Exodus 21 is not just a list of laws. They are laws revealed by God at the foot of Mt Sinai to His people. We are not just reading a list of practical wisdom that Israel’s elders came up with. The people’s God came down and revealed Himself to them in the giving of His law. These civic laws remind God’s people of who they are and God’s actions define their identity. They are not defined by their sins, nor their past slavery, nor even their present situation. Only God defines them.

And in this passage, God’s laws reveal His just nature. Justice as an abstract concept is not too far from all of our lives. We’ve all considered it at some point and some of us even work in a related field. But what does God want His people to know about justice? Why? And what do these things tell God’s people about God?

(A) The Civic Law teaches us how to love our neighbor in the presence of our God: treasuring justice, love and equality


Exodus 21:12-32 is mainly separated by commentators into three parts: capital offenses, restitution (repaying others as a substitute for punishment), and criminal negligence. With the table below we can see what the laws guard against, how they guard them, and whom they guard.

The consequence for the crimes described in the first six rows is death. As we can see from Exo 21:12-14, taking someone’s life is cause for death, whether the act was premeditated or not. “Striking one’s parents” seems like a mild offense to us today, but this verse refers to striking with the intent to kill. Cursing one’s parents was also serious as it implies complete disregard for them.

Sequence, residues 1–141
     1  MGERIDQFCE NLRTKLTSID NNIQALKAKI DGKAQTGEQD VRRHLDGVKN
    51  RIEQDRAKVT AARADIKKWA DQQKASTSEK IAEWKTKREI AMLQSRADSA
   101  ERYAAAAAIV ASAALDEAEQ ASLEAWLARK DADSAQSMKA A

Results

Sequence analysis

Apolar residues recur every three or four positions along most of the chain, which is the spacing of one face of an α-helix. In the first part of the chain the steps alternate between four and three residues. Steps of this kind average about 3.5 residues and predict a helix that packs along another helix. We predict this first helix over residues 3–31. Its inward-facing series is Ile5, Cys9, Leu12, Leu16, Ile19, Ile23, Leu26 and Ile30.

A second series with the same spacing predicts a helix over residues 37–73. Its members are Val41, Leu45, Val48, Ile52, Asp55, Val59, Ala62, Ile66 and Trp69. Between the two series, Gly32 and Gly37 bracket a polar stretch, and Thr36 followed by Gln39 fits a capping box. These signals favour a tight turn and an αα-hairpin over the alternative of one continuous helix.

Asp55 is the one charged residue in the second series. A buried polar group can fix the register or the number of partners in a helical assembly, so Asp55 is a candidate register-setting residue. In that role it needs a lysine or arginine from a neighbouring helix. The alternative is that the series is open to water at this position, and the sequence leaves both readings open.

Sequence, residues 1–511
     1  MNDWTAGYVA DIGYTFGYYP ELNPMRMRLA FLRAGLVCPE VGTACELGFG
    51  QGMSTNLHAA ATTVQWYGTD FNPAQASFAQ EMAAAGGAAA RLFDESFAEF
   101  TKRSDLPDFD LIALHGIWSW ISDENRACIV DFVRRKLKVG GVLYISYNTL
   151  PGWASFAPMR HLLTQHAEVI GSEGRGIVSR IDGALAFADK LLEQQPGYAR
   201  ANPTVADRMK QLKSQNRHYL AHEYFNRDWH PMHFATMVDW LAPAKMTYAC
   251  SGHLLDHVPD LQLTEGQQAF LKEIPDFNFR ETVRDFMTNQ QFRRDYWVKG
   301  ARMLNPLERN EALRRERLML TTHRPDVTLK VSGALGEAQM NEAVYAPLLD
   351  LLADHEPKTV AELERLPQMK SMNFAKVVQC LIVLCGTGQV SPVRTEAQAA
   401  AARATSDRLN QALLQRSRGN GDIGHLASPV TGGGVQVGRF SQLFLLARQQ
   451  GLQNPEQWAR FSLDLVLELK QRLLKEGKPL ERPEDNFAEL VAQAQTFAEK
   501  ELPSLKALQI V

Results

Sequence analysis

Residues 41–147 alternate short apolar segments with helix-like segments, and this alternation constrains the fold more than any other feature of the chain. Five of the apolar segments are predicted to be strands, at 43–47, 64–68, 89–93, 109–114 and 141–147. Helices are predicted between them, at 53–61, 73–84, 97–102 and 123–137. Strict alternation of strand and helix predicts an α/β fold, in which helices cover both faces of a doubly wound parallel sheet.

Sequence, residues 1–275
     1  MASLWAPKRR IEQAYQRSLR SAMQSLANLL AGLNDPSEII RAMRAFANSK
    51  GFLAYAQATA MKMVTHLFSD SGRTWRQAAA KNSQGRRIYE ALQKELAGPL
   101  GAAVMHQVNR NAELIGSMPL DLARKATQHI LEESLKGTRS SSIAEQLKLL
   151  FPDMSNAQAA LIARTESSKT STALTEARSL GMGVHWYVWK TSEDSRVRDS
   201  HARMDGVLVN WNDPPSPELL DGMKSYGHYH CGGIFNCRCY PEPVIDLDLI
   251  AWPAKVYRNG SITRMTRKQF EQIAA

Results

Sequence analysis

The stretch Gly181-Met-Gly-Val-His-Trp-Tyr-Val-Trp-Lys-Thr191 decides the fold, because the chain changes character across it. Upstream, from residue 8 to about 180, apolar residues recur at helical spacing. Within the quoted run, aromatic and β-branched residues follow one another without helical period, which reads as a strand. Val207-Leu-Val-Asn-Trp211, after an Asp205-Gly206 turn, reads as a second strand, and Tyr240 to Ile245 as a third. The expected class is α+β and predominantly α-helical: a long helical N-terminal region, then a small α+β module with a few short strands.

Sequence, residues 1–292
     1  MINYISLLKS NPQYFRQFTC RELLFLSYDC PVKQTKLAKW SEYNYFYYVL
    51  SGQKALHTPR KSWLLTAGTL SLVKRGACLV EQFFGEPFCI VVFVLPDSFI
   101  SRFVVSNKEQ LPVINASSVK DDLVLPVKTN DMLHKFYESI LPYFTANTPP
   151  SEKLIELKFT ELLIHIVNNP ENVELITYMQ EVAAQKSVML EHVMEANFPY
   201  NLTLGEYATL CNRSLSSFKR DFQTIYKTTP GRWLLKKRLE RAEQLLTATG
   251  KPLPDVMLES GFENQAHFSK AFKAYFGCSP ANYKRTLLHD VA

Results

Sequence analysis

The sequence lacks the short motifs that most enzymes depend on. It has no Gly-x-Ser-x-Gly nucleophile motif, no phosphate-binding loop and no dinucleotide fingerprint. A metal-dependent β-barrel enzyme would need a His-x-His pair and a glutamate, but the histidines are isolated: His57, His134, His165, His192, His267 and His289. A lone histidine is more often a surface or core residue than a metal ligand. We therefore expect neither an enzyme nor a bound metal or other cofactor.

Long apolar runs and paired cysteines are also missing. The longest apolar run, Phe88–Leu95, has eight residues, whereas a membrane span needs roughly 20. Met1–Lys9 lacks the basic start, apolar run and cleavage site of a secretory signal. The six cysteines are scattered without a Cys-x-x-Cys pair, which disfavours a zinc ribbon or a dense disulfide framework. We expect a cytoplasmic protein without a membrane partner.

Exo 21:18 onwards lists crimes demanding restitution. Notably, the crime described in Exo 21: 26 contrasts with what we read in Exodus 21:5-6, about the loving relationship a master needs to have with their slave.

The classes of victims described by these versed include slaves, which was radical in the culture and context of the Israelites. The idea that a life of a slave was as valuable as that of a free man was different compared to other ancient Near Eastern penal codes, where slaves were regarded as second-class citizens. Even the life of an unborn baby in the womb was protected by the law, as seen in Exo 21: 22. The large range of classes of victims shows that all of life is to be protected—some violations against life deserve death, and others deserve harm.

The point is that the earth is the Lord’s, the fullness thereof, and all who dwell in it. God determines the purpose of everything. Family is guarded because the family is meant to build up the nation. The nation of Israel is guarded because Israel was meant to reveal God’s glory. Anything that dismisses God’s glory leads to death.